Trump runs on ‘peace, prosperity’ as Democrats fold on impeachment

By Terry Evans
January 27, 2020

The Democrats’ attempt to drag out their impeachment of President Donald Trump came apart Jan. 10, with House Majority Leader Nancy Pelosi announcing she will name the Democrats’ “prosecutors” and send the two articles of impeachment to the Senate this week, where the president will almost certainly be acquitted. Pelosi had delayed doing so for weeks, in violation of the Constitution, demanding that the opponents of Trump’s presidency set the rules.

The liberals press their permanent witch hunt against a president they despise — and his working-class “base” that they fear, a reflection of their concern they have little chance of defeating him in November.

And they’re searching for any way they can think of to prevent working people from ever putting their stamp on an election again.

Pelosi claimed the president is “impeached for life,” a meaningless statement designed to cover the fact Democrats know there is zero chance the Senate will vote to convict. A growing number of Democratic senators urged her to quit stalling and send on the articles of impeachment.

The liberals and their impeachment media allies like the New York Times have fought to oust or indict Trump since the day he was elected. They drew in two former FBI bosses — James Comey and Robert Mueller — to set up a partisan “Special Prosecutors” office that tried for over two years to cook up a case that Trump colluded with Moscow to steal the 2016 vote.

When that came apart, with not a shred of evidence, they grabbed charges the president interfered in Ukraine for partisan ends — despite the insistence of the Ukraine’s president it just wasn’t true. Now they’re flailing around for a new load of mud to toss at Trump as the election keeps looming nearer.

Trump is stepping up his campaign for reelection, running on a platform that his administration has brought “peace and prosperity.” He touts the growth of the capitalist economy under his administration, buoyed by a cyclical decline in unemployment.

And he says his course in Iraq — like the military operation that killed Iranian Revolutionary Guard Gen. Qassem Soleimani — was an example of the use of U.S. military might to deter rivals from attack.

“Trump and his team do not believe in appeasement as did Team Obama; they believe in peace through strength,” writes Hugh Hewitt in the Washington Post.

At a campaign rally in Toledo, Ohio, the president argued the protectionist trade pact he negotiated with the governments of Mexico and Canada was “historic for Ohio farmers, workers and manufacturers.”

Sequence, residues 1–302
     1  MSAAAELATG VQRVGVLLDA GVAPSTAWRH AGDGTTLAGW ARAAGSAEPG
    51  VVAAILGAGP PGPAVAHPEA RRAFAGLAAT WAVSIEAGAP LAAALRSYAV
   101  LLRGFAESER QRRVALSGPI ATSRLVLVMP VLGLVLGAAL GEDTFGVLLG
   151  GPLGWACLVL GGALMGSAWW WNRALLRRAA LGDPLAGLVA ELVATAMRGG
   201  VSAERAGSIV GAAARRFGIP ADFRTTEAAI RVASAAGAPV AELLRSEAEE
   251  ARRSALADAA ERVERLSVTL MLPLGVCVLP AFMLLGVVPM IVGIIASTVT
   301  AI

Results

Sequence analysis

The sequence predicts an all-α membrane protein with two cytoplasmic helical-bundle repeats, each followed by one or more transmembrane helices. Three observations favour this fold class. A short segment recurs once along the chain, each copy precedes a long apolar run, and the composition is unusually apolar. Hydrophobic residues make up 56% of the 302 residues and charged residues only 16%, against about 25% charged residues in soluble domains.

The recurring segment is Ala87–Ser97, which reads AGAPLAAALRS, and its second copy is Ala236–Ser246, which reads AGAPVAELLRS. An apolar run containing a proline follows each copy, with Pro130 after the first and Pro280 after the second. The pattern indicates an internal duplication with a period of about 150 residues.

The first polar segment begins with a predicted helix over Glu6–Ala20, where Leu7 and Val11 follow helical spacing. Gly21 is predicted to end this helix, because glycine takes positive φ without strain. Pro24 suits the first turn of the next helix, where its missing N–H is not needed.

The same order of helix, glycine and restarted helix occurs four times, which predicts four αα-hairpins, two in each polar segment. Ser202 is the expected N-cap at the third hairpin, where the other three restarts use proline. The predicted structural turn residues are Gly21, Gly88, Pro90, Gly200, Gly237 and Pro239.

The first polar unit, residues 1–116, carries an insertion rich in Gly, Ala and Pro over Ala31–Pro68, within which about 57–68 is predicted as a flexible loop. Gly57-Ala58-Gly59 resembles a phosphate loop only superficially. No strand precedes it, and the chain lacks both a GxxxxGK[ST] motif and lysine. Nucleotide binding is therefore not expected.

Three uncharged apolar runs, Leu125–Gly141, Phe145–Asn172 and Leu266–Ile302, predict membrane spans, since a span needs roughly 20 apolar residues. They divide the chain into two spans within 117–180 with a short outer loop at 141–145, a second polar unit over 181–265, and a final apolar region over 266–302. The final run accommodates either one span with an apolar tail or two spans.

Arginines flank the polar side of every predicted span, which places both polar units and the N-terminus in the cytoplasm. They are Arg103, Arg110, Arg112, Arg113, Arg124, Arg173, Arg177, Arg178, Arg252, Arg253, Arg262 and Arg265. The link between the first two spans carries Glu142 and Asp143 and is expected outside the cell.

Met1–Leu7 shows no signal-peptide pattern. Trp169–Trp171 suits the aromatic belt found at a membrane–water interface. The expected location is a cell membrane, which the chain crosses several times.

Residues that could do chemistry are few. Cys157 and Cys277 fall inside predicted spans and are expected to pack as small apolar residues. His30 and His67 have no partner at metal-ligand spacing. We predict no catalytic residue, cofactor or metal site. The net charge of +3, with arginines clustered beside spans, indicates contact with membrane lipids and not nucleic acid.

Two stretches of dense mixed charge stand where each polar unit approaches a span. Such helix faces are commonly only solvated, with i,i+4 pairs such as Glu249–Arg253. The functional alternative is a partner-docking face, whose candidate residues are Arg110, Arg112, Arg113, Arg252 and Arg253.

Capitalist politicians of all stripes try to rally workers and farmers behind their military and trade policies as they vie with competitors for resources and markets, obscuring the fact that working people and the bosses have completely opposing interests, as the capitalist rulers try to pit workers in the U.S. against workers in other countries.

Attempts by liberals to portray Trump as a war monger for ordering Soleimani’s killing fell flat, as the bourgeois clerical regime in Tehran backed off from further retaliation for the U.S. airstrikes. Trump called for a new relationship with Tehran, appealing to the Iranian rulers to end meddling in the region and agree to a more stringent nuclear deal with Washington.

What road forward for working people?

As the Democrats fret and flail and Trump looks like a repeat winner — barring a collapse in the economic uptick — none of this presents a road forward for the working class and others battered by the ongoing crisis of capitalism.

The “peace” he presides over is one of imperialist plunder and his “prosperity” is one where the bosses feel bolder while tens of millions of workers and farmers live on the brink, paycheck to paycheck.

In contrast to the Democrats and Republicans, the Socialist Workers Party candidates point a way forward for working people. They start from workers organizing themselves independently and fighting in their own interests. They urge workers to break from the trap of casting a ballot for this year’s “lesser-evil” ruling-class party candidates. Workers need their own party, a labor party to fight to take political power and organize a workers and farmers government.

SWP candidates point to what workers can do together today to organize solidarity with copper workers on strike at Asarco in Arizona and Texas. To join protest actions demanding Washington get its troops and weaponry out of the Mideast and mobilizing solidarity with those hit by recent murderous Jew-hating attacks.

Join the Socialist Workers Party campaign!